Emissions SMMT News

Average new car CO2 emissions fall again: down 10.7 per cent in seven years

25 April 2006 #Emissions #SMMT News

  • New incentives for greener cars to be approved by European Commission this week

The average new car sold in 2005 emitted 10.7 per cent less CO2 than models registered in 1997, according to the latest SMMT New Car Registrations by CO2 Performance report. Based on data from every new car registered last year, the figures also show a 1.2 per cent year-on-year drop from 171.4 g/km in 2004 to 169.4 g/km in 2005.

SMMT chief executive, Christopher Macgowan, said, ‘SMMT’s latest data shows the progress we are making to bring ever cleaner vehicles to the market place. We need an integrated approach if we are to keep making good progress. In addition to our technological advances, buyers need incentives to encourage them into cleaner vehicles. We hope the European Commission will soon give the go-ahead for the new Low Carbon Car Grants to help new car buyers in the UK. Following the collapse of the Powershift programme some 18 months ago, this should bring a stable long-term and technology neutral approach to grant funding.’

SMMT New Car Registrations by CO2 Performance 2006 shows that in 2005:

  • The percentage of new cars with CO2 emissions of under 140 g/km has risen to 18 per cent; a rise from 3.9 per cent in 1997, and from 15.5 per cent in 2004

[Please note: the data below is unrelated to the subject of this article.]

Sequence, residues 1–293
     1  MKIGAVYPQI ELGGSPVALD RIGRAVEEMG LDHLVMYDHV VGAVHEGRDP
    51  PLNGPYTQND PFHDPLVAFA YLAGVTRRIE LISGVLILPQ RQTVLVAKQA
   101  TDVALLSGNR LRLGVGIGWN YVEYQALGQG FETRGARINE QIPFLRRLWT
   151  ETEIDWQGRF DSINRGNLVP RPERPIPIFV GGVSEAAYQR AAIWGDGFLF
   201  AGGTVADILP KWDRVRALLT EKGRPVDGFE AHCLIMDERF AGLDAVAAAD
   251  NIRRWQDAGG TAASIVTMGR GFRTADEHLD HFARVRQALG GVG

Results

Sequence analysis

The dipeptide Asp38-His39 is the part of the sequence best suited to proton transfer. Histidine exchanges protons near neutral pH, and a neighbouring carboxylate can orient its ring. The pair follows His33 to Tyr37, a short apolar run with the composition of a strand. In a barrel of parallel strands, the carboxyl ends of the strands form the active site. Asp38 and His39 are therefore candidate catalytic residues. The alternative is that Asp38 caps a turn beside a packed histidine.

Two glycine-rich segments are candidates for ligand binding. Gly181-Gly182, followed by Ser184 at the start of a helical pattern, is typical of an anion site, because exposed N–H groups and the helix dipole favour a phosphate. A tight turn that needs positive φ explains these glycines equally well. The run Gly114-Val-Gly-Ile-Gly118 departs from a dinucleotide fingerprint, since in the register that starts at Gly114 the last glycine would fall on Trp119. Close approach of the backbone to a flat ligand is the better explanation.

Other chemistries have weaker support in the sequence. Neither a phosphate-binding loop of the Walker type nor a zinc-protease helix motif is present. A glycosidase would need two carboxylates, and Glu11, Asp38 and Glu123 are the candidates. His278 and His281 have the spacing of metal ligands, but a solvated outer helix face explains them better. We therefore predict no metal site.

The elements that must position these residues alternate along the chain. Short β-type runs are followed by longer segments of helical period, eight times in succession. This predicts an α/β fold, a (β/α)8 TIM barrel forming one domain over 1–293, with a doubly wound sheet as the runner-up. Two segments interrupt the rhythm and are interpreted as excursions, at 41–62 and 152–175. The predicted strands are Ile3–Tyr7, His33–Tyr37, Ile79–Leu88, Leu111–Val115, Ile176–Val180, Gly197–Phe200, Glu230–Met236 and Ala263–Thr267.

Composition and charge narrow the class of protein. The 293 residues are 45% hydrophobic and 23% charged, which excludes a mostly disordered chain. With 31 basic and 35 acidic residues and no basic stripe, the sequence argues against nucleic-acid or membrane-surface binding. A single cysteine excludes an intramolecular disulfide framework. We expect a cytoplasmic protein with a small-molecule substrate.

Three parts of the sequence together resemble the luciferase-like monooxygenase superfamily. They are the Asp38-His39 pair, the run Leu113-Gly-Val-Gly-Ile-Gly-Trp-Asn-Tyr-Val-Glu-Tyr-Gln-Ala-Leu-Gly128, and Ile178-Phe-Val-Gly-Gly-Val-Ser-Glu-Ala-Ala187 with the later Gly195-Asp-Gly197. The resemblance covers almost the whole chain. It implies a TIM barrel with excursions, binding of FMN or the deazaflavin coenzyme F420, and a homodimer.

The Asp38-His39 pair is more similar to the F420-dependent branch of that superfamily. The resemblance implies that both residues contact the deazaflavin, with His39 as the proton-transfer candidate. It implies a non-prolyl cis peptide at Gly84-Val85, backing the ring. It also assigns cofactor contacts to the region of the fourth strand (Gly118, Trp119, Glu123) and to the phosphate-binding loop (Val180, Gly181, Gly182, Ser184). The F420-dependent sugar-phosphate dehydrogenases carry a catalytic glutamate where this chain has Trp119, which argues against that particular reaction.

• This fall in CO2 has been matched by a 13.9 per cent improvement in mpg levels
  • The average emission from a new car sold to private buyers has fallen 1.1 per cent, down to 172.3g/km – its lowest ever level. This was the same improvement as the company car market
  • Over half the new car market is now under 160 g/km CO2 levels have fallen by 20.4g/km per new vehicle since 1997
  • 34.1 per cent of the new car market falls in the lowest three VED bands; up from just 7.8 per cent in 1997.
  • Despite a 15 per cent increase in the total UK vehicle parc since 1997, total emissions from cars fell one per cent.
  • Registrations of alternative-fuelled vehicles increased 48 per cent in 2005.

Download the report by clicking below


1. SMMT’s CO2 database is compiled with figures supplied by manufacturers from the first registration document which are checked with type approval data from the Vehicle Certification Agency (VCA).

2. The data in the report looks at total new car registrations by CO2 values, not merely ACEA, JAMA or KAMA members. ACEA is the European vehicle manufacturers’ trade association, JAMA the Japanese equivalent and KAMA the Korean equivalent.



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